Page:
If you could describe Men at Play in one sentence, what would it be?
Brothers, Fergus and Fionn, one gay and one straight, question and challenge the masculinity they’ve been inscribed with, by enacting poignant and sometimes conflicting memories from their rural Irish upbringing, through a humorous and tender medley of storytelling, movement, dance and song.
Apart from the obvious, what do you think are the stark differences between gay and straight men?
I’d start to answer that big question by pointing out our similarities. All men, gay or straight, are performing some version of masculinity. However, I think gay men become conscious at an early age of a certain ‘otherness’, probably stemming from a not-yet-discovered same-sex attraction. Feeling excluded from a male heteronormative identity as children, gay men sometimes adopt a proxy identity in later life. In Men At Play, Fergus and Fionn talk about gay tribes – masculine, feminine, jocks, twinks, bears, cubs, leather daddies, they also discuss drag. These versions of ‘camp’ can actually be a form of gender dissidence and political subversion, providing a liberating social visibility for gay men.
For straight men, I think it’s so much more straightforward. They too are born into a heteronormative environment, but they don’t feel so alienated from it, because they can identify with opposite-sex attraction. As a result they may be more comfortable adopting and performing the male identities around them (fathers, brothers, teachers, sport stars, pop stars). There’s no gender dissidence or subversion involved. Of course this too can present its own problems. Just as gay men put pressure on themselves to act or look a certain way, straight men also put huge pressure on themselves to be the version of masculinity that they’ve subscribed to. As the straight character Fionn says to his gay brother Fergus at one point in Men At Play “so maybe we’re not so different?”.
What is the biggest theme in ‘Men at Play’?
The play has many themes, but the principal one concerns the performativity of masculinity and the difficulties all men – gay or straight – face, in living up to the ideals of the gender inscribed upon them at birth, and reinforced by their families and society. Stemming from that, the play also deals with father-son relationships, mother-son relationships, mental health issues and loss. These themes are explored with great humour and tenderness, which, I hope, will provoke thought, laughter and perhaps a few tears.
Name one thing that would make the world better in terms of masculinity.
Men should learn to cry more when they need to. Crying is a basic human, biological and emotional function which men spend their lives suppressing.
What are you interested in exploring with all your work?
Most of the plays I’ve been involved in to date with Good Dog Theatre have revolved around gay themes. It was refreshing to write and direct Men At Play, which explores masculinity from a gay and straight perspective. In the future I guess I’d like to further explore gender and mental health issues. As a Tipperary country boy, born and bred, I am interested in approaching these topics from a rural Ireland perspective. Men At Play was heavily influenced by stories I’d collated of growing up in rural Ireland.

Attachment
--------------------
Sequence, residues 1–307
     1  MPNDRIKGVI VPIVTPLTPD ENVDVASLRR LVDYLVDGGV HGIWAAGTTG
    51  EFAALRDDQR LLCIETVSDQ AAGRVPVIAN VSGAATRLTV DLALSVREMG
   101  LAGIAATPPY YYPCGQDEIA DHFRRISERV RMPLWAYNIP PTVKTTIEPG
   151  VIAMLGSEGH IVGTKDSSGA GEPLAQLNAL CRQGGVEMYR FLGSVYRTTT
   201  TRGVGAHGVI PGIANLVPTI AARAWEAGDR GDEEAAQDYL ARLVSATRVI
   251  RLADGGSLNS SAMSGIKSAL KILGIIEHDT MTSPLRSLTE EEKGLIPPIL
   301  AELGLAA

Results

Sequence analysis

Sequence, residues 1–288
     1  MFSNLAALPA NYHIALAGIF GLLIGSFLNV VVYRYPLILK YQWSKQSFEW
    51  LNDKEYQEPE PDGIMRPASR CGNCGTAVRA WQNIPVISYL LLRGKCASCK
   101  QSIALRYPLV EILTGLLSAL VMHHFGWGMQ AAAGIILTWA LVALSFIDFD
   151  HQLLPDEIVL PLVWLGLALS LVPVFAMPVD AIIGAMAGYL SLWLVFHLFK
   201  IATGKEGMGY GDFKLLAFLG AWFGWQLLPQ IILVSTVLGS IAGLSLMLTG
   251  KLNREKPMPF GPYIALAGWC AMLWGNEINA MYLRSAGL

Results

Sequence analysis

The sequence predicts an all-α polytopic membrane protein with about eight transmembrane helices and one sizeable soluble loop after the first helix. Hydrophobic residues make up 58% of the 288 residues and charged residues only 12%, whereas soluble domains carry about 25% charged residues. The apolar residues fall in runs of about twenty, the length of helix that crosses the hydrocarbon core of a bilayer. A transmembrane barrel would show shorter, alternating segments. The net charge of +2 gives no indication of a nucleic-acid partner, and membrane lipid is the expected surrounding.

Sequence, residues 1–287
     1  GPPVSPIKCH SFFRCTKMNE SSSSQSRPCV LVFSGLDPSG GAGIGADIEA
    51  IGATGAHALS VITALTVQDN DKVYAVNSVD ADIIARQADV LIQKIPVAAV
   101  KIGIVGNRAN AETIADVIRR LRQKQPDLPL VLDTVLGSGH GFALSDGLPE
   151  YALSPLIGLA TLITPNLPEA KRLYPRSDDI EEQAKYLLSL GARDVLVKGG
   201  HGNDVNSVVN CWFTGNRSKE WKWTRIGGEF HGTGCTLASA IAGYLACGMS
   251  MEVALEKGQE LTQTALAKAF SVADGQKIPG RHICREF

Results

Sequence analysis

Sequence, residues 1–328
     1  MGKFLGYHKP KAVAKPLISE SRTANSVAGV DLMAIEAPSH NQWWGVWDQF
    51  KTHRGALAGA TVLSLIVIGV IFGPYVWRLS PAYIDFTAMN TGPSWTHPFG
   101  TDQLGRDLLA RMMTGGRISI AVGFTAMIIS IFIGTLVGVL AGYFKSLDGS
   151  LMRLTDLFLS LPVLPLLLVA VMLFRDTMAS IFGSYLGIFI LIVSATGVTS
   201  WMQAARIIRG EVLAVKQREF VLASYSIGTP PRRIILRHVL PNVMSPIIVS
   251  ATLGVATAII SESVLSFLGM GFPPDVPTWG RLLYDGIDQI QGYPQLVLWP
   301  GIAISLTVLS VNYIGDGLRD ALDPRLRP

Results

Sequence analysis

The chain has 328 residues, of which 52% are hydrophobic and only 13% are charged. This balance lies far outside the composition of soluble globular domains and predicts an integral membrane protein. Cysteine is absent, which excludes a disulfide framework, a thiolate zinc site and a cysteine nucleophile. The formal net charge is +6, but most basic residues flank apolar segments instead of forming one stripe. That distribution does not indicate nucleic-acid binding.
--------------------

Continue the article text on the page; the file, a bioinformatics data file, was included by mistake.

Who is your greatest theatrical influence, and why?
I am a huge fan of Bertolt Brecht. His theatrical device, the defamiliarization effect, i.e. actors addressing the audience, breaking the fourth wall, actors narrating a story or coming out of character, freeze frames, use of song, music and dance etc., have always excited me. These devices are very evident in Men At Play. A more modern influence, in the same vein, would be gay Canadian playwright, Daniel MacIvor. I produced and played a role in the Irish premiere of one of his award-winning plays In On It, in Smock Alley in 2015, which Good Dog Theatre used at the time to raise awareness and money for the Marriage Equality campaign.
Who is your ultimate queer icon?
Dolly Parton features in all my playlists. Love her.
If you could have any five people in history over to yours for dinner, who would they be?
Walt Whitman, Freddie Mercury, Countess Markievicz, Oscar Wilde and Eileen Gray – that pretty much covers all great dinner conversations – poetry, music, history, theatre and design.
Who would play you in the biopic of your life, and what would it be called?
I was once told I looked like Phoebe’s brother on Friends…ahem…but I’d much prefer to cast George Clooney and the title might be “O Brian, Where Art Thou?”.
What’s the best piece of life advice you ever received?
Get a dog.
Men At Play runs at the Galway Fringe Festival on Monday July 23, Tuesday 24, and Wednesday 25 at 8pm in the Columban Hall, Sea Road.
Tickets are €14/12 from www.galwayfringe.ie and at the door.
© 2018 GCN (Gay Community News). All rights reserved.
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